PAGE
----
In his famous 2008 speech on the subject of race, Barack Obama talked about the need for Americans to work together in overcoming the country's racial wounds.
"Contrary to the claims of some of my critics, black and white, I have never been so naïve as to believe that we can get beyond our racial divisions in a single election cycle, or with a single candidacy -- particularly a candidacy as imperfect as my own. But I have asserted a firm conviction -- a conviction rooted in my faith in God and my faith in the American people -- that working together we can move beyond some of our old racial wounds, and that in fact we have no choice if we are to continue on the path of a more perfect union."
But since becoming president, Obama has been hesitant in having that kind of honest conversation. The reasons are pretty obvious: the backlash from his comments about Henry Louis Gates Jr.'s arrest, America's polarized politics, the desire to win re-election in 2012.
Yet months removed from his re-election and days removed from the Zimmerman verdict, Obama on Friday dove head-first into the topic -- personally, surprisingly -- in remarks he delivered from the White House's press briefing room.
While he said that he respected the "not guilty" verdict in the Zimmerman trial, Obama stressed it was important to understand the context of the African-American community's reaction to it.
You know, when Trayvon Martin was first shot I said that this could have been my son. Another way of saying that is Trayvon Martin could have been me 35 years ago. And when you think about why, in the African American community at least, there’s a lot of pain around what happened here, I think it’s important to recognize that the African American community is looking at this issue through a set of experiences and a history that doesn’t go away.
There are very few African American men in this country who haven't had the experience of being followed when they were shopping in a department store. That includes me.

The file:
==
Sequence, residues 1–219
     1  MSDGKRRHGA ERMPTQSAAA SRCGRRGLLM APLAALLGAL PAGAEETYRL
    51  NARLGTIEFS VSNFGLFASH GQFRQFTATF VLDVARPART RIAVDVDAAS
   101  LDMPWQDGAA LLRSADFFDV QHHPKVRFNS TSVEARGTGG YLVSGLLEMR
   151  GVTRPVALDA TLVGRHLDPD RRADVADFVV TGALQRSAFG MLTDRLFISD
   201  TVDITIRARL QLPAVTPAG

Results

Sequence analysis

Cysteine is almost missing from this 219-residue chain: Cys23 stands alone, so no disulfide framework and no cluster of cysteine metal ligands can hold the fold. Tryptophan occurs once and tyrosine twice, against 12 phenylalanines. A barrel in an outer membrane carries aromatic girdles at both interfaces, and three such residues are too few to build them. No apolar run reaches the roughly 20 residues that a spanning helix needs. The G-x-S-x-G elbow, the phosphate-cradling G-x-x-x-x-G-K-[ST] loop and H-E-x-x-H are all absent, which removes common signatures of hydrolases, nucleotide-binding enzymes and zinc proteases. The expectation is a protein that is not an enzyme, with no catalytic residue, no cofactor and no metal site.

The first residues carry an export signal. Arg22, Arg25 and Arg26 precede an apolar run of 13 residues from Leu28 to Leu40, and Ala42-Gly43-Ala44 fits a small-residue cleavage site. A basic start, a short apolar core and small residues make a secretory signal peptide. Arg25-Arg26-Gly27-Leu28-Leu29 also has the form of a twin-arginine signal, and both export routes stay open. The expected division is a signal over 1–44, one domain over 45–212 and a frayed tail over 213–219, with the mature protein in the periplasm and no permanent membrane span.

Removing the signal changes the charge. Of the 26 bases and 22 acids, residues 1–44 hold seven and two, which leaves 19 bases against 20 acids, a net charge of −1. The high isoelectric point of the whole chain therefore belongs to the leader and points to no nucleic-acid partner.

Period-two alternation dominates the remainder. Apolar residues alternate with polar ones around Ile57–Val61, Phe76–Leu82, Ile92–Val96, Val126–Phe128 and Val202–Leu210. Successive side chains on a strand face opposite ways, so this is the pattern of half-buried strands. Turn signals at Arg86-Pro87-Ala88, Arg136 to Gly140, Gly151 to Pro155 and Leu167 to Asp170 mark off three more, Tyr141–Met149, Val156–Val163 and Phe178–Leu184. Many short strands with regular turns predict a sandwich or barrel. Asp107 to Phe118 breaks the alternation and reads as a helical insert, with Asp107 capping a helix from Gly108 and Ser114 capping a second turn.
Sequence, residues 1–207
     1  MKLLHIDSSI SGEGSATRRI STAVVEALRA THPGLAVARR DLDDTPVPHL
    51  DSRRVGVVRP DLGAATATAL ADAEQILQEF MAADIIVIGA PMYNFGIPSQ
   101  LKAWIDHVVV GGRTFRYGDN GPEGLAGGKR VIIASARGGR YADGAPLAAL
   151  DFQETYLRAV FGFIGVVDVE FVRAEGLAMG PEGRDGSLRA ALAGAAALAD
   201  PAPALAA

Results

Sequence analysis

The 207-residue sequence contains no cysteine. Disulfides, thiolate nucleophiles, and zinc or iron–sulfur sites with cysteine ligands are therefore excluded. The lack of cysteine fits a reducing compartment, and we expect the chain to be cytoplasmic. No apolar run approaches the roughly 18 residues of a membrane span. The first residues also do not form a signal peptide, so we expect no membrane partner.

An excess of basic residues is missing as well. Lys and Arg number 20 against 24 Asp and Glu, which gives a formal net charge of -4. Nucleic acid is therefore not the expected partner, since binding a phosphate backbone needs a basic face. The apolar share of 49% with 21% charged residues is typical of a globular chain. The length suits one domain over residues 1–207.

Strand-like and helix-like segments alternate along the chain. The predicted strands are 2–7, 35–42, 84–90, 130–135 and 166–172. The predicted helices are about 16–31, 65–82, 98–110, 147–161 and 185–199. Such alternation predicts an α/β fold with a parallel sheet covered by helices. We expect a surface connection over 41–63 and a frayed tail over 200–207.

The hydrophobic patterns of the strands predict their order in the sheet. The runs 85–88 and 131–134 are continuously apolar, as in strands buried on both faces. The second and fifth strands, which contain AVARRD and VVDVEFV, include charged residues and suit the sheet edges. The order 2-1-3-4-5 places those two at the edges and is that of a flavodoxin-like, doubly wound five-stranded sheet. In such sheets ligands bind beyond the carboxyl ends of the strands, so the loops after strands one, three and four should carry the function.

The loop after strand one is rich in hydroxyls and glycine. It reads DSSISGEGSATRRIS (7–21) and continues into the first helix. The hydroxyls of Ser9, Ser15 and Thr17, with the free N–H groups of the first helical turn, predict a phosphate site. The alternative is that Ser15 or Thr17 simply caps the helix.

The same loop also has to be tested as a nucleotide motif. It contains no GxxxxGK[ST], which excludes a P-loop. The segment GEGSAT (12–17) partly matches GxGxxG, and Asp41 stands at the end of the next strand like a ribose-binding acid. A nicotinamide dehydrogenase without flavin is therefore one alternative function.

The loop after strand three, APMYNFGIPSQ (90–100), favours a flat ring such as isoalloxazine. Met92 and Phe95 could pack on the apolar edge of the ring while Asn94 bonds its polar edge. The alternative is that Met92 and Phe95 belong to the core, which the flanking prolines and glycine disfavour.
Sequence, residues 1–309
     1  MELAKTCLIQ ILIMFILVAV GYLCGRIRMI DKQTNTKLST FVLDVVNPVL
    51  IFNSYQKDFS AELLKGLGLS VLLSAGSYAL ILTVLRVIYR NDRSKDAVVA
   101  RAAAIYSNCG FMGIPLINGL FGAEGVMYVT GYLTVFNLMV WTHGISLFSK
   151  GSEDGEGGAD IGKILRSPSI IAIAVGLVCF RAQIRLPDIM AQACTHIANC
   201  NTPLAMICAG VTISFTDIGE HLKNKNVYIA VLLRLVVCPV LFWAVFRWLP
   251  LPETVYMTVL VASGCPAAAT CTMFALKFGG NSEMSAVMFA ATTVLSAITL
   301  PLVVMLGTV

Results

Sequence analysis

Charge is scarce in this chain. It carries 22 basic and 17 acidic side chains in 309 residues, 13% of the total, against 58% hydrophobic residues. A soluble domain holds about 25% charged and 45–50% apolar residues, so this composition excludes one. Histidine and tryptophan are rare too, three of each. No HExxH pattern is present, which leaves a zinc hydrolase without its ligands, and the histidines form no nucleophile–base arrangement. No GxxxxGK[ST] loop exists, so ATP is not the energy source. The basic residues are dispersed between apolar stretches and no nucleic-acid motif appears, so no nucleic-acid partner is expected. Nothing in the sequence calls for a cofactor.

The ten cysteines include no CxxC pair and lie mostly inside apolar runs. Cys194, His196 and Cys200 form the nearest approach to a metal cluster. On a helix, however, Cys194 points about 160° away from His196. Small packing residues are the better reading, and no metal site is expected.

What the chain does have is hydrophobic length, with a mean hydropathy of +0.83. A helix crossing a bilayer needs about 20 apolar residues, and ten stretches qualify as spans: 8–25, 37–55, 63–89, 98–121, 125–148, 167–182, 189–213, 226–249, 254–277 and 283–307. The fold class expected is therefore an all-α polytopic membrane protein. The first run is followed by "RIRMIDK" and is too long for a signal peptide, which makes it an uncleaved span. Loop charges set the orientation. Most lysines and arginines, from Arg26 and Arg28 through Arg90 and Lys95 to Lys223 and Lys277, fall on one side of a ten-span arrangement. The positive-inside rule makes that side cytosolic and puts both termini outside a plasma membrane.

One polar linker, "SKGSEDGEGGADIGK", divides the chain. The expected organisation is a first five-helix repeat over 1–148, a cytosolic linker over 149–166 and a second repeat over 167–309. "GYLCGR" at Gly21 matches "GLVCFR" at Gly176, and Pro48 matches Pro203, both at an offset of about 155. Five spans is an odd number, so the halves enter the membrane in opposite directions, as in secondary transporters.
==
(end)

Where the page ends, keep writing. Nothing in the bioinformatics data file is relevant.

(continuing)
Obama wondered if the situation had been different if Trayvon Martin were white and George Zimmerman were black.
And that all contributes I think to a sense that if a white male teen was involved in the same kind of scenario, that, from top to bottom, both the outcome and the aftermath might have been different.
He also posed this hypothetical situation:
And for those who resist that idea that we should think about something like these "stand your ground" laws, I'd just ask people to consider, if Trayvon Martin was of age and armed, could he have stood his ground on that sidewalk?
The president emphasized the need to "bolster and reinforce our African-American boys."
[T]his is something that Michelle and I talk a lot about. There are a lot of kids out there who need help who are getting a lot of negative reinforcement. And is there more that we can do to give them the sense that their country cares about them and values them and is willing to invest in them?
And then he called for "soul-searching" on the topic of race, as well as a recognition that progress on race relations has been made.
I don’t want us to lose sight that things are getting better. Each successive generation seems to be making progress in changing attitudes when it comes to race... [W]e should also have confidence that kids these days, I think, have more sense than we did back then, and certainly more than our parents did or our grandparents did; and that along this long, difficult journey, we’re becoming a more perfect union -- not a perfect union, but a more perfect union.
"A more perfect union" -- that was the title of Obama's 2008 race speech. And it was a subject he returned to today.